During your digital marketing training, you must have learned several metrics that give you insight into how social media campaigns are performing and what returns they are giving. When you actually start tracking the analytics, it can get an overwhelming exercise. You may feel at loss on proving to your customers how your social media strategy is reaping the desired results.

It is imperative to pick the right metrics and track only what really matters. Here is your quick guide to understanding it further.


Determine the Social Media Goal

What is the goal of the brand’s social media strategy? Setting goals will outline the expectations clearly. Ideally, these goals should be specific – get 10k likes in a month or drive a footfall of 2k on the website. But, if the brand is new in the market or has launched a new product, the goal may be to create a buzz.


Shortlist the Social Media Channels

A professional travel photographer would benefit more from Instagram while a B2B organization can get grow the business by generating leads from LinkedIn. Select the social media channel(s) (Facebook, Twitter, LinkedIn, Instagram, YouTube, Pinterest, Google+, etc) where the brand is likely to get a number of users and engagement. The next step would be to identify the content types that the brand would like to push – blogs, white papers, e-books, infographics, images, videos or SlideShare.


So, in the case of the travel photographer, a blog (content-type) on his or her travel experiences featuring photographs (content-type) of the location can be shared both on Facebook (social media channel) as well as Instagram (social media channel).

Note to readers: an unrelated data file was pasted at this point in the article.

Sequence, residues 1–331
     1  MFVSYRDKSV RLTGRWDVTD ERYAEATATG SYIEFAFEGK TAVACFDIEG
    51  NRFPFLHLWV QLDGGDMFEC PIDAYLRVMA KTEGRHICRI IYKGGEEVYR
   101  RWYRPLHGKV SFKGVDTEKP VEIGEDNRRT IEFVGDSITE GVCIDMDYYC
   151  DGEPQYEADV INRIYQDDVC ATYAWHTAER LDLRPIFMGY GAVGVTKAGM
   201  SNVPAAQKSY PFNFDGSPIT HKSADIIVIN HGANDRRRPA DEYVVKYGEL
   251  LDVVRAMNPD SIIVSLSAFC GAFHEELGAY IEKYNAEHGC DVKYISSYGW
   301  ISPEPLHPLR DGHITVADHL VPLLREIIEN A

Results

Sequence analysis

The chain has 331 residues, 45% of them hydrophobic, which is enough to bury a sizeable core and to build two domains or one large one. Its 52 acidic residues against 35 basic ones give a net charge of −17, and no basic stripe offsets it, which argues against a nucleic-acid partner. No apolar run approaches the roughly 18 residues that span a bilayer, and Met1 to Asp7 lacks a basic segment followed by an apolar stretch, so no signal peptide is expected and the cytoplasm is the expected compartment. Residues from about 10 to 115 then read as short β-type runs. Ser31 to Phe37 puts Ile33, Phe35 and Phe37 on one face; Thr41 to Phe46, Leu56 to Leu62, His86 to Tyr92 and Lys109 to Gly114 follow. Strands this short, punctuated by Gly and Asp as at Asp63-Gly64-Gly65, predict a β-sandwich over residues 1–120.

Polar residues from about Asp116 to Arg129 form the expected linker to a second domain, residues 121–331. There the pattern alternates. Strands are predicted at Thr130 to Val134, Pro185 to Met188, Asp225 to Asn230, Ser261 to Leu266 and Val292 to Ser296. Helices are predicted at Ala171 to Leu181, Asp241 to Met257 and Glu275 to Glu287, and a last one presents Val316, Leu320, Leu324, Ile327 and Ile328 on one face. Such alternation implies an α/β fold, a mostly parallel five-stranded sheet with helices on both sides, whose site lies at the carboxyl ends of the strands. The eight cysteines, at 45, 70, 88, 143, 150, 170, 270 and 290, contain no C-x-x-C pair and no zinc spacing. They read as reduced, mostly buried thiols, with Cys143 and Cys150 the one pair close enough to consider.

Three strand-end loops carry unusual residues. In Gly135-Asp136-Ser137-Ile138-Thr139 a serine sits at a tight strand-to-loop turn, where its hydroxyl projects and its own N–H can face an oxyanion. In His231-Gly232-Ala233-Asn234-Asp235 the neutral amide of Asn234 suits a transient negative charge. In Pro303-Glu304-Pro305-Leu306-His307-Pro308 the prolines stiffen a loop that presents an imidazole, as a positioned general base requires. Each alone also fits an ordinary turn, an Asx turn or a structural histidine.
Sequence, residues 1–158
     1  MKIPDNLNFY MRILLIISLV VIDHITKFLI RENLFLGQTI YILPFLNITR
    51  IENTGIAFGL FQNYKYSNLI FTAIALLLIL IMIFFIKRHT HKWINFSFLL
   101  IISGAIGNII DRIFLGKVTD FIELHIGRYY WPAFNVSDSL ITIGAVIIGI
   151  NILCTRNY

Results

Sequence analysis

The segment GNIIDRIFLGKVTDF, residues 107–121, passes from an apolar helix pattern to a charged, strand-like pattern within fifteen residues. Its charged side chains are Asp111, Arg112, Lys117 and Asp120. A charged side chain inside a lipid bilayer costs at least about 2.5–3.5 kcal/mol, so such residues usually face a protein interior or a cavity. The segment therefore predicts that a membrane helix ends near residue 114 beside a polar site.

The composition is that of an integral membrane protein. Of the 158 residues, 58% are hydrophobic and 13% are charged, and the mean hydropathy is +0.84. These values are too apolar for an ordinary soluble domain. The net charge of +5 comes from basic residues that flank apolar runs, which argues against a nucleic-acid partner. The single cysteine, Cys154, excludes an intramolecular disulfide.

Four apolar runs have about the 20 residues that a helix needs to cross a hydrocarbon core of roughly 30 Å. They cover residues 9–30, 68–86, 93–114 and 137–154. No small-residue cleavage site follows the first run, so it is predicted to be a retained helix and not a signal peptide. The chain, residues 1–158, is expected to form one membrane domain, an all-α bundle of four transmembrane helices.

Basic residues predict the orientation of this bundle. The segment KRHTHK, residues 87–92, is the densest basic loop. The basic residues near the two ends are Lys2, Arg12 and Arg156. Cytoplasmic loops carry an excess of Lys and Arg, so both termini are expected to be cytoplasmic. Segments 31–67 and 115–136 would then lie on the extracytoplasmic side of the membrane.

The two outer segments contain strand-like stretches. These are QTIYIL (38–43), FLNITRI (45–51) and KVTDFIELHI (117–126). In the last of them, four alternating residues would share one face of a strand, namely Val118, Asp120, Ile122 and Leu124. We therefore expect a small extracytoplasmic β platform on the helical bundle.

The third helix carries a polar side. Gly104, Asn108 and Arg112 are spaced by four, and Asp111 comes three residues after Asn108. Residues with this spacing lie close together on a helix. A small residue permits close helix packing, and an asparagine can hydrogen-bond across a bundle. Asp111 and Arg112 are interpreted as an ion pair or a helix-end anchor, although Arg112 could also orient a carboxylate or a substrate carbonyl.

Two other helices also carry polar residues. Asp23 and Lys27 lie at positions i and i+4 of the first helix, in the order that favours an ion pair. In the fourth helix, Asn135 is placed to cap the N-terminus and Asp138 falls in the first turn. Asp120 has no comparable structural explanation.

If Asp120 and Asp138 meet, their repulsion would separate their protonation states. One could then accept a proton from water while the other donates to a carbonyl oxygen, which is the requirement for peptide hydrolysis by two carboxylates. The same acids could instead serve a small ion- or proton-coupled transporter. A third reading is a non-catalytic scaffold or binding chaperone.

Decide the Metrics That Need to be Measured

Social media analytics can generate mines of data you may find difficult to navigate through. The good news is that since each social media channel has its own metrics, your half job is done. Had you been randomly promoting the brand on any channel using any content type, you wouldn’t have been to decide the specific metrics to monitor. Now, you only need to select metrics which enable the brand in the decision-making.


For example, Facebook has metrics such as a number of likes, post reach and number of page views. If the social media goal is to increase the page likes, this is what is to be measured. If the number of likes is less than expected, you will have to think ways of boosting them.


Whether you are a novice or an expert in social media metrics, it is always a good idea to enhance your knowledge further with online digital marketing courses. These courses include detailed modules on social media metrics to make even the most complex concepts easy to understand.

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